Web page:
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Panthers seeing red after coming up short

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CHARLOTTE – The Panthers have endured their share of inconsistencies on offense this season, but there’s one thing Carolina could count on.

Well, there was one thing Carolina thought it could count on.

“We’ve been a great red zone team all season,” wide receiver Curtis Samuel said.

“We expect to get it done in the red zone, expect to score touchdowns and win games for our team,” fellow wideout Jarius Wright said.

“We haven’t had any struggles in the red zone,” tight end Greg Olsen said. “We’ve been one of the best red zone teams in the league until today.”

Quarterback Cam Newton and running back Christian McCaffrey put up gaudy numbers against a good Seattle team, and the offense put up a good amount of crooked numbers on the scoreboard, becoming just the second team not named the Los Angeles Rams to score 27 points against the Seahawks.

But there were so many more points for the taking – a problem since the Seahawks scored 30 to halt Carolina’s home winning streak at 10.

“Did we punt? We didn’t punt. We lost the game when we didn’t punt,” Olsen said (the Panthers did actually punt but just once). “It’s tough. Our red zone stuff killed us.

“Against good teams, those extra three points, the difference of four points, seven versus three or … obviously on the first one we got stopped a little short … they come back to kill you.”

The Panthers, who entered the game with touchdowns on 73.5 percent of their red zone drives – the third-best conversion rate in the league – looked unstoppable early in the game. Their first two drives gained 129 yards. Newton completed all five of his pass attempts for 73 yards.

And, when the dust settled, the Panthers had just three points.

“It always comes back to haunt you,” Wright said. “When you just score three, it’s always going to come back to haunt you.”

Carolina’s opening drive bogged down inside the Seattle 10-yard line. On second-and-5 from the 8, McCaffrey picked up 1 yard. On third-and-4 from the 7, the Panthers called a quarterback run up the middle, and Newton patiently waited for a path to clear but it never did, making it fourth-and-2 from the 5.

Head coach Ron Rivera opted to go for it and the offense tried the same play, this time with seemingly a little more running room – but apparently not quite enough.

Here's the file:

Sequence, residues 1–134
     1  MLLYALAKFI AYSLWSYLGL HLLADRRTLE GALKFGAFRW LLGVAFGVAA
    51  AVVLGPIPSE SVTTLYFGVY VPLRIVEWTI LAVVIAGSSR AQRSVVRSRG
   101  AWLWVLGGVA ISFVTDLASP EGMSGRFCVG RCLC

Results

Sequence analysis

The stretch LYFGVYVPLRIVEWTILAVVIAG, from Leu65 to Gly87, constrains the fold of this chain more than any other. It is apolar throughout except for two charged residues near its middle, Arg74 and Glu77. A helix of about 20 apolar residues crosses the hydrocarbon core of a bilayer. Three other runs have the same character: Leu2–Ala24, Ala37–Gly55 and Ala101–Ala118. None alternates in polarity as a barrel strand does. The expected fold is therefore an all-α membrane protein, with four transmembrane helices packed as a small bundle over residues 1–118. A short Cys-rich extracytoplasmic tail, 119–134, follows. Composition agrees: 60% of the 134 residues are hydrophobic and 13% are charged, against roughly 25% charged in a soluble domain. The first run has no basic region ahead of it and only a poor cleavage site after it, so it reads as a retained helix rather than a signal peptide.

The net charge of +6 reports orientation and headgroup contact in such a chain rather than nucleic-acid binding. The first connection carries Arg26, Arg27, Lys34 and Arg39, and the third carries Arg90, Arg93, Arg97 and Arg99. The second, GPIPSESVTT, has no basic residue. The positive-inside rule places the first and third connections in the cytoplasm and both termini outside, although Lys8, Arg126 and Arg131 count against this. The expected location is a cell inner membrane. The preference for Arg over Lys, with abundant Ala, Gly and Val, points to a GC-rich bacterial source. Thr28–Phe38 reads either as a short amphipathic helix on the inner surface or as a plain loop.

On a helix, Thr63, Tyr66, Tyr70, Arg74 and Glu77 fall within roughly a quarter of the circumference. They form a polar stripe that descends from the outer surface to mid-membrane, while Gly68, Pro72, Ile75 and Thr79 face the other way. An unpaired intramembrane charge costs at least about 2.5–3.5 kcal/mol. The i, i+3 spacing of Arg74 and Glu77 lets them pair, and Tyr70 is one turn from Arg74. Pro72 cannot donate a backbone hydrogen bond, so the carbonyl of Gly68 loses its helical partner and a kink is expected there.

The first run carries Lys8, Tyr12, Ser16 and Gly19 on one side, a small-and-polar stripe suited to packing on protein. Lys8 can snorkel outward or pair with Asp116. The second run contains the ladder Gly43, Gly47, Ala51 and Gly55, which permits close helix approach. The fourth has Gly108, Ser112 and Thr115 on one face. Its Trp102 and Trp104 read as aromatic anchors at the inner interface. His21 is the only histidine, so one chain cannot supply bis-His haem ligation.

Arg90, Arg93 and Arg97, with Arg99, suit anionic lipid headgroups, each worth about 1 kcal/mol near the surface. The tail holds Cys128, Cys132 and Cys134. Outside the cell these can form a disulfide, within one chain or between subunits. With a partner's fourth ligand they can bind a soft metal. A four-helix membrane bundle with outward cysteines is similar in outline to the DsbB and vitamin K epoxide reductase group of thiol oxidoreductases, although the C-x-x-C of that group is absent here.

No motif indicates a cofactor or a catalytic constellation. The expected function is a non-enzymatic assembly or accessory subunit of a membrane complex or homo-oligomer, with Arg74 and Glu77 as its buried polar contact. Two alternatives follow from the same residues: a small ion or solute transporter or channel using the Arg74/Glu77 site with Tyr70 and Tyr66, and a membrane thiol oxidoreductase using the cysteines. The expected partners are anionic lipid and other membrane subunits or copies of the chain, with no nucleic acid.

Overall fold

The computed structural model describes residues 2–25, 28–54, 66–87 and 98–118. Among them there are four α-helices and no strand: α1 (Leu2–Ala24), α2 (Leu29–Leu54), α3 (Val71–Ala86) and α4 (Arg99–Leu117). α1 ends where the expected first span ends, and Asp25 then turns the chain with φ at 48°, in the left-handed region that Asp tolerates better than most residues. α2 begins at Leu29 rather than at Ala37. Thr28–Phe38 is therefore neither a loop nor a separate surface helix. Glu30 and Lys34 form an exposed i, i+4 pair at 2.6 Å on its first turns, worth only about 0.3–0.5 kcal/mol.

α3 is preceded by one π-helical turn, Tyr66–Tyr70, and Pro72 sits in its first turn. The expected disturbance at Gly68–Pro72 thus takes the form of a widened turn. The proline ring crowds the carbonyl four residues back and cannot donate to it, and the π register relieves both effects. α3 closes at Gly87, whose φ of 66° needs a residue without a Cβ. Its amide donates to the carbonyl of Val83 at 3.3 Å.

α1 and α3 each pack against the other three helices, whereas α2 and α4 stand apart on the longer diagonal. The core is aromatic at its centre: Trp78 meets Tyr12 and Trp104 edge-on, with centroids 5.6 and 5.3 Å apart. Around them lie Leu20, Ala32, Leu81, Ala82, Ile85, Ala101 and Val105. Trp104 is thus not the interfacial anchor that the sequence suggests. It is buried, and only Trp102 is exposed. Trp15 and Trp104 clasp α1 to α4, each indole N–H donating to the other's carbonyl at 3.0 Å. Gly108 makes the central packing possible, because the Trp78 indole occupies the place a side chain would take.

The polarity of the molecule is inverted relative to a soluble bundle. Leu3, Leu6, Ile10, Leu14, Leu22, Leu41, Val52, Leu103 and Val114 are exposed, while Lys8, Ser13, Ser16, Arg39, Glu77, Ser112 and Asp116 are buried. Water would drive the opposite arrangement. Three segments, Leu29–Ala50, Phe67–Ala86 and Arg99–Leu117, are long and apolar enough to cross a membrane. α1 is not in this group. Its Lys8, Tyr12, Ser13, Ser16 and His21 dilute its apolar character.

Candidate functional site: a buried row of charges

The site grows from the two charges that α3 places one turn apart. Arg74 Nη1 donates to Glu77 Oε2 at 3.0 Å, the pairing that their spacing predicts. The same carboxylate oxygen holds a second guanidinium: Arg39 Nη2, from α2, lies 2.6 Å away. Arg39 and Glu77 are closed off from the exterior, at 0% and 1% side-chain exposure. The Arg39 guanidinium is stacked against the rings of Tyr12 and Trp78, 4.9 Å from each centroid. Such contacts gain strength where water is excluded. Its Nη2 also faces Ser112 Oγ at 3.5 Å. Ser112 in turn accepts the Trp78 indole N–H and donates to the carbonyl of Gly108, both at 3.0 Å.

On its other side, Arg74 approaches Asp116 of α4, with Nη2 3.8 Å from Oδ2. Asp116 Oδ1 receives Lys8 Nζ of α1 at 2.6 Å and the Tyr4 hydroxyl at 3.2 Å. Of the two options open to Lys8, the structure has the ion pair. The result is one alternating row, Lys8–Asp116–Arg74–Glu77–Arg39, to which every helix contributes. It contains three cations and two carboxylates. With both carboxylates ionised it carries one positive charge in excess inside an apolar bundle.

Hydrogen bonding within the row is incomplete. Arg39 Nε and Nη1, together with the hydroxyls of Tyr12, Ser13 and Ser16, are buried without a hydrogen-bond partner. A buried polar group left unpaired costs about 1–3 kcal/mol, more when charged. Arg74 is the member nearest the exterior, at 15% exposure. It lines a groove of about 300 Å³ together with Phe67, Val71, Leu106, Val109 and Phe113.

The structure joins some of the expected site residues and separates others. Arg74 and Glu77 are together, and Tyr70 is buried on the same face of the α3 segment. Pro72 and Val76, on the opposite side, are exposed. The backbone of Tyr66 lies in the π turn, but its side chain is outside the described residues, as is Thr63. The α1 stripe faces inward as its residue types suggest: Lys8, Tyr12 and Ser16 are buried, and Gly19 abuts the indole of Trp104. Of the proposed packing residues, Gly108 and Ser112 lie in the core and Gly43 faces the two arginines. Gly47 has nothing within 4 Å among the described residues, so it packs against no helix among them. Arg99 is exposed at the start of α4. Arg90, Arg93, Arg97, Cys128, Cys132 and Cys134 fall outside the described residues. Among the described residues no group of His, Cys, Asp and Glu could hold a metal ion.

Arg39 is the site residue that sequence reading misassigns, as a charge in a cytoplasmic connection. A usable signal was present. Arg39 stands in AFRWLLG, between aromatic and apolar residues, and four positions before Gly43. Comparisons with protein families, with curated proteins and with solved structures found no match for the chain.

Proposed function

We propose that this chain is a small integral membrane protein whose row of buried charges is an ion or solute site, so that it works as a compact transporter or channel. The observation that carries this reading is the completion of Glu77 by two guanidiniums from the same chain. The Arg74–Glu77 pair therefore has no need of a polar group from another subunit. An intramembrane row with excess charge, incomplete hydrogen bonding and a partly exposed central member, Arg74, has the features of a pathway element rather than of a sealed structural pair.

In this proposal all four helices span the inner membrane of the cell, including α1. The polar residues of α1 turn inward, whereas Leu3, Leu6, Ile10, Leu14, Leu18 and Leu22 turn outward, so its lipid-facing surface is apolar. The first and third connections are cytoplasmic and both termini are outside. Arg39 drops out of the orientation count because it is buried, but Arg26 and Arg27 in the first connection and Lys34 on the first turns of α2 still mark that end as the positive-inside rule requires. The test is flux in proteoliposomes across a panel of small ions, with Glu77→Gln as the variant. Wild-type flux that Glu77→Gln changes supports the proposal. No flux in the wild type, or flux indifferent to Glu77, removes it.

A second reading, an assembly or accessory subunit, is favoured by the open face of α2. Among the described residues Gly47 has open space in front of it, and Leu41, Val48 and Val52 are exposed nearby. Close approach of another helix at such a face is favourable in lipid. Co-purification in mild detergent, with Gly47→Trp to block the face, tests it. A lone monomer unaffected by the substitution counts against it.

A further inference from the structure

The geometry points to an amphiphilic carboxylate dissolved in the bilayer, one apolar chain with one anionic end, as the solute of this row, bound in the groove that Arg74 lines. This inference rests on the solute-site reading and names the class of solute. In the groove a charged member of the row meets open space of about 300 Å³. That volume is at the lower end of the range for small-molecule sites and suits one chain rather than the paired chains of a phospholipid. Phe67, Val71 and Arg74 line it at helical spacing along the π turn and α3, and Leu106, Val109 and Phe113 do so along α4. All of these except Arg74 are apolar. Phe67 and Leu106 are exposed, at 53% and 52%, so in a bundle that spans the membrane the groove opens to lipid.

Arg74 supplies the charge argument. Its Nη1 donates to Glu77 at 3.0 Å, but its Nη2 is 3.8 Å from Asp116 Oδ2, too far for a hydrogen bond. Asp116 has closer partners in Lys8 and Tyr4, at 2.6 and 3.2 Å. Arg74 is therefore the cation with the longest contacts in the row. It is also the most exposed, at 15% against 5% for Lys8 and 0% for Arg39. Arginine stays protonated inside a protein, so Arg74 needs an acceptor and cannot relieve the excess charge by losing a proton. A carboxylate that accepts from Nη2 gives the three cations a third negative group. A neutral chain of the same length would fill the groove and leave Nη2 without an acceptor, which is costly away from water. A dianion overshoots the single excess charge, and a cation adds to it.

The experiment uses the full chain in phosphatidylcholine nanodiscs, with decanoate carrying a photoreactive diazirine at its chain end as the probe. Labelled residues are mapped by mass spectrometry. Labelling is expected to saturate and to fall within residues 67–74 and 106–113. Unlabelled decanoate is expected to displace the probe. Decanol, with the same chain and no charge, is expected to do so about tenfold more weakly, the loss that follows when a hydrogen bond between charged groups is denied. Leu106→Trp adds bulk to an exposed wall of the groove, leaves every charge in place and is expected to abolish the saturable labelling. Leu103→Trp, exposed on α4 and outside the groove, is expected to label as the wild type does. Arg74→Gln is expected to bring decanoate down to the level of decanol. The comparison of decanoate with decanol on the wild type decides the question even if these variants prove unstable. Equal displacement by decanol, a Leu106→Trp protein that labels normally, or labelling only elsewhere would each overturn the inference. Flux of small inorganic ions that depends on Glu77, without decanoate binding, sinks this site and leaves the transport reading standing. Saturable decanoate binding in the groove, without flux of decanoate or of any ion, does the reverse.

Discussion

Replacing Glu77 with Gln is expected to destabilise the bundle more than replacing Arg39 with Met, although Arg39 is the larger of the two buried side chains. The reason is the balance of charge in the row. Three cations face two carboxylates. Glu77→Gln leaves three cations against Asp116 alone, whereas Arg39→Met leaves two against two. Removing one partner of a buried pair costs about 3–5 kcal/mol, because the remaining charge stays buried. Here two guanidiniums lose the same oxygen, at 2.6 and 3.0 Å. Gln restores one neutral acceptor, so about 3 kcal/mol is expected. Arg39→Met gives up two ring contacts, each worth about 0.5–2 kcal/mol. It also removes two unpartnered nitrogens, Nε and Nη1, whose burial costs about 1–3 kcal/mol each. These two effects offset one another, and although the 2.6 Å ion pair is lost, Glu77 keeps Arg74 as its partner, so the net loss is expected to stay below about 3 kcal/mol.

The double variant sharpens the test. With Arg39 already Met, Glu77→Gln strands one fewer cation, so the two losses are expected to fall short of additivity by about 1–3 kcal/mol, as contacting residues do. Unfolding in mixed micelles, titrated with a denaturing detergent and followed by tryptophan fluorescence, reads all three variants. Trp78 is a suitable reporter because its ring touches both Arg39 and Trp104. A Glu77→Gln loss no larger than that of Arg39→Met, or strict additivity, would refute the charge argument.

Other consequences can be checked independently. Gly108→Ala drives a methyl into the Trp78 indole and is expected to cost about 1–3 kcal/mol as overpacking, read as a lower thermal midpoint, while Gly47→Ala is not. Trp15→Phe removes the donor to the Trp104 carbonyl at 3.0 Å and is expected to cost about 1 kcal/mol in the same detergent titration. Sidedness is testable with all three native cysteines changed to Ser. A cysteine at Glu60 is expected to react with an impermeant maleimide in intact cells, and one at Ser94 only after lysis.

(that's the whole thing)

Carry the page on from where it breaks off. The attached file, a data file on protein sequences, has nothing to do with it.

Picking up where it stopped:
“I thought he picked it up,” said Rivera, whose challenge of the spot didn’t result in a reversal. “I was as bewildered as anyone watching that play.”

Added Newton: “I felt as if I got the first down, but I didn’t get it. So therefore I didn’t get it.”

On Carolina’s next drive, the Panthers had second-and-3 at the Seattle 5. McCaffrey ran for 2 yards to set up third-and-1, but this time McCaffrey was met in the backfield by Nazair Jones and thrown for a 3-yard loss that brought out Graham Gano to put three points on the board.

Carolina clicked in the red zone later in the half, when Newton hit Curtis Samuel for a 7-yard score and a 10-3 lead. The Panthers returned to the red zone one more time before halftime but couldn’t punch it in, settling for a Gano field goal as time expired to lead 13-10.

The Panthers received the second half kickoff and marched right back into the red zone (for the fifth time in six possessions). Newton, who at that point had 15 touchdown passes and zero interceptions in the red zone for the season, tried to squeeze a ball into tight end Chris Manhertz in the middle of the end zone. Safety Bradley McDougal, one of two Seahawks in position, got his hands on the ball and tipped it to himself for a critical takeaway.

"In that situation, we definitely needed a stop or a turnover - something big - because they were going to score and create a bigger lead," McDougal said. "We ended up capitalizing off of that with a score, so it definitely helped us."

The Panthers were better from there, with their next two drives both reaching the red zone and reaching the end zone courtesy of McCaffrey on the ground and McCaffrey through the air.

But on this day, when seven of nine drives reached the red zone and one of the other two went deep enough to set up a late 52-yard field goal that sailed just wide, three touchdowns and two field goals wasn’t quite enough.

“We didn’t finish,” center Ryan Kalil said. “It caught up to us. Thus the result.”

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